Can's core members-- bassist Holger Czukay, keyboardist Irmin Schmidt, drummer Jaki Liebezeit and guitarist Michael Karoli-- came from avant-garde and improv-jazz backgrounds; Czukay and Schmidt had both studied with Stockhausen. But instead of exploring aleatory noise or jerky time signatures, Can discovered-- through the Velvet Underground, and later via James Brown-- the Zen power of repetition and restriction. Minimalism and mantra-ism were hallmarks of the Krautrock aesthetic, but what set Can apart from its peers was a fervent embrace of groove. Like Miles Davis's early-'70s albums ( On The Corner, Dark Magus, etc.), Can's best work fuses "black" funk with "white" neo-psych freakitude. Recording in its own studio in a Cologne castle, the band adopted a jam-and-chop methodology similar to that used by Davis and his producer Teo Macero: improvise for hours, then edit the best bits into coherent tracks. As then band's Macero figure, Czukay worked miracles with a handful of mikes and two-track recording. Can's proto-ambient spatiality actually diminished when they went to 16-track in the mid '70s.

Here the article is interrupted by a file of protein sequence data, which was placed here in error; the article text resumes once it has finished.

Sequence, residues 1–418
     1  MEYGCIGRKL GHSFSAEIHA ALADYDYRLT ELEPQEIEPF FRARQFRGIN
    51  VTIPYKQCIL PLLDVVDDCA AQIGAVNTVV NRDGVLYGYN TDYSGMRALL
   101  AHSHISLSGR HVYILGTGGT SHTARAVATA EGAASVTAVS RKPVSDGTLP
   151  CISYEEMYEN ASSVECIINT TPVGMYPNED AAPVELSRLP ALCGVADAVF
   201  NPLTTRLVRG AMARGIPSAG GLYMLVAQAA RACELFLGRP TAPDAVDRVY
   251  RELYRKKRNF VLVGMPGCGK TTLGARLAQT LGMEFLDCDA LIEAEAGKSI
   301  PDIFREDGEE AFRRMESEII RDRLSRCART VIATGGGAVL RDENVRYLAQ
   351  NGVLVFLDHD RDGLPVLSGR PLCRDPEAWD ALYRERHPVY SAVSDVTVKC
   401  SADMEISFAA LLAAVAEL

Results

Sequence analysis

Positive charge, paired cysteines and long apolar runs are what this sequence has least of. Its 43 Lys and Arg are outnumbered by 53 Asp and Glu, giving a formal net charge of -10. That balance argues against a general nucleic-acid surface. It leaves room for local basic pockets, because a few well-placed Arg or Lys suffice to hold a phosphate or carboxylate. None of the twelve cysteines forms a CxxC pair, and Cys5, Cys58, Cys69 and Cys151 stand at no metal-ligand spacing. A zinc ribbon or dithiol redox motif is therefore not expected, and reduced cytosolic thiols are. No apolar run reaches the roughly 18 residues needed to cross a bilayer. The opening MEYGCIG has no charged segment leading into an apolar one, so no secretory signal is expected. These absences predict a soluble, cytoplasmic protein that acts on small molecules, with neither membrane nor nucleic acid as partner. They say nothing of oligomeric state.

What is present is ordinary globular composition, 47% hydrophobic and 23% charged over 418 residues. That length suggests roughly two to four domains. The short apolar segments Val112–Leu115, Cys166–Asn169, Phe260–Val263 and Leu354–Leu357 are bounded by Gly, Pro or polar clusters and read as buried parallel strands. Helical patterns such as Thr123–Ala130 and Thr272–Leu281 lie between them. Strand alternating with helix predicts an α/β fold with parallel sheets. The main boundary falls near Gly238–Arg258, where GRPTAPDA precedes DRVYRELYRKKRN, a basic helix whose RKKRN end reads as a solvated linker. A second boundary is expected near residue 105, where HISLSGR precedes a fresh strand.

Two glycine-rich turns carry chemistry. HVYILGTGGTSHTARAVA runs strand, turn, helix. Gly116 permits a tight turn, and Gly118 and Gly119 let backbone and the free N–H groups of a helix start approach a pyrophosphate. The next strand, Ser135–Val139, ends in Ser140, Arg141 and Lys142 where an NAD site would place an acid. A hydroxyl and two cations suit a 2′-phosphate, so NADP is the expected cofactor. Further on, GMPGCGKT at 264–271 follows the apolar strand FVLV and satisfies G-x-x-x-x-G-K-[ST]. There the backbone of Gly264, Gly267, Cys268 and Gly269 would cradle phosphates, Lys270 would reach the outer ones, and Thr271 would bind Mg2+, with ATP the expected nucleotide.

Named after a sorcerer, Tago Mago contains Can's most disorienting, shamanistic work. Torn between two impulses-- James Brownian motion and post-Floyd chromatic flux-- the double album spans the polyrhythmic roil of "Mushroom" and "Oh Yeah,"Aumgn'"s dub-reverberant catacombs, and the fractal sound-daubings and scat-gibberish of "Peking O"-- a meisterwerk.